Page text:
Ireland’s 2017 budget goes beyond the limit of prudent policy, the country’s fiscal watchdog said Wednesday after the government announced a €1.3bn package of spending increases and tax cuts.
The measures appear to break European Union budgetary rules, but not by a significant enough margin to justify fines, the head of Ireland’s Fiscal Advisory Council John McHale said.
Finance Minister Michael Noonan on Tuesday announced the €1.3bn package of tax cuts and spending increases, increasing an earlier estimate that the government would have 1 billion euros to spend in the budget.
That extra €300m plus an extra €300m of resources for 2016, also confirmed on Tuesday, means the government will inject €3bn of new resources into the economy in 2016-17 up from an earlier estimate of 2.4 billion, McHale said.
“We see that as beyond the limit of 2.4 billion which we saw itself as being the limit of prudent policy,” McHale told state broadcaster RTE.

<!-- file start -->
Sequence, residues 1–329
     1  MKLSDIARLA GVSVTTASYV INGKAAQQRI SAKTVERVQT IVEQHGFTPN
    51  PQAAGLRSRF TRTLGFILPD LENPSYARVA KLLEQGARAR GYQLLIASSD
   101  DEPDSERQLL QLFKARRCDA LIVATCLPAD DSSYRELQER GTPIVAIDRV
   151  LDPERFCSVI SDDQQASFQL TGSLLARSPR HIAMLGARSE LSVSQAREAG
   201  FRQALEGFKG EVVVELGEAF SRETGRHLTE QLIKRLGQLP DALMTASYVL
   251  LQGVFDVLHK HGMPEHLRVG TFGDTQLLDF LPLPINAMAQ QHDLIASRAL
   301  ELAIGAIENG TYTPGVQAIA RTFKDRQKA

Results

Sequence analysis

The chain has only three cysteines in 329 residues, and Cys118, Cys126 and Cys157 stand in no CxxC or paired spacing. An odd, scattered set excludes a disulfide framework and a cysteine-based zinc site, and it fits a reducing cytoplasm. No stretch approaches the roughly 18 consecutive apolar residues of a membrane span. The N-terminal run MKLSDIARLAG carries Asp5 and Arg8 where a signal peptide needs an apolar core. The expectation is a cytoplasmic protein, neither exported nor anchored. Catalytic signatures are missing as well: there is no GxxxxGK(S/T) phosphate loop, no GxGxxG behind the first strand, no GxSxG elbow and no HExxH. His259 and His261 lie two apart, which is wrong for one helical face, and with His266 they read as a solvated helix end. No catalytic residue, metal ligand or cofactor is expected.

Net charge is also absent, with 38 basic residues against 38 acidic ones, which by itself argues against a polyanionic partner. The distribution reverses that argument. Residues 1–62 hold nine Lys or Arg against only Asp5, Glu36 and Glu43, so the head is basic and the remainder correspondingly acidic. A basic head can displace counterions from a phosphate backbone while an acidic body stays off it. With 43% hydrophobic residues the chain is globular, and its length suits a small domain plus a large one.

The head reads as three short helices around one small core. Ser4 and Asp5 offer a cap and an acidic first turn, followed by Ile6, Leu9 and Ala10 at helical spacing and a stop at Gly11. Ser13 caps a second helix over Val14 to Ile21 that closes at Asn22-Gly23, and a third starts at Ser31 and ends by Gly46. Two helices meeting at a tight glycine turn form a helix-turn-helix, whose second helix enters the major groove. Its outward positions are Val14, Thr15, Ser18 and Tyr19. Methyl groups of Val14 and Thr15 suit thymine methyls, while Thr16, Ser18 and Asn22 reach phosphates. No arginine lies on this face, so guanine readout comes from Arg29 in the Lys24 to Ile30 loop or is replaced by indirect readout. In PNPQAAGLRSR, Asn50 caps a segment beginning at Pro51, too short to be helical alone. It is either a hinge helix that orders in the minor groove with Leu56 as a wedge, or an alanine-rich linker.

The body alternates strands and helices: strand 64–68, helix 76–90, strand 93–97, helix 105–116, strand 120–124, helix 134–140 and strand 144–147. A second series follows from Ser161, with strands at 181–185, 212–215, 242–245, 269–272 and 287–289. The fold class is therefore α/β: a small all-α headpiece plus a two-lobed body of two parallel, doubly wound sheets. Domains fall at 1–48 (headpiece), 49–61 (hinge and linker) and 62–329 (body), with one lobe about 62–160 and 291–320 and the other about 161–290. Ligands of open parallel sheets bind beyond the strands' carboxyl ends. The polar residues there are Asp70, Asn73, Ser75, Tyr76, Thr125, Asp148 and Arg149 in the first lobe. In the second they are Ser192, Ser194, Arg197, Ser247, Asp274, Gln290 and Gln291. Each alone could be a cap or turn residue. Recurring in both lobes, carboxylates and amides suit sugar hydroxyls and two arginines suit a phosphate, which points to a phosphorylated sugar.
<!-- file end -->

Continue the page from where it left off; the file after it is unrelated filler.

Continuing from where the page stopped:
The budget indicates the government will reduce its structural deficit — a measure that strips out business cycle effects and one-off revenue and spending — by 0.3pc next year rather than the 0.6pc improvement demanded by EU rules, McHale said.
He said it also exceeded EU rules on allowable expenditure growth by €200m.
“These breaches are not large enough – at least on current projections – to bring fines from the EU. But they still are breaches of the rules,” McHale said.
Noonan on Tuesday described the budget as representing “prudent fiscal policy” and said he expected the country’s budget deficit fall to 0.4pc of GDP in 2017 from a deficit of 32pc when he took office in 2010 in the middle of the country’s financial crisis.
Deputy Prime Minister Frances Fitzgerald told RTE that the department of finance did not agree with the Fiscal Advisory Council’s assessment.
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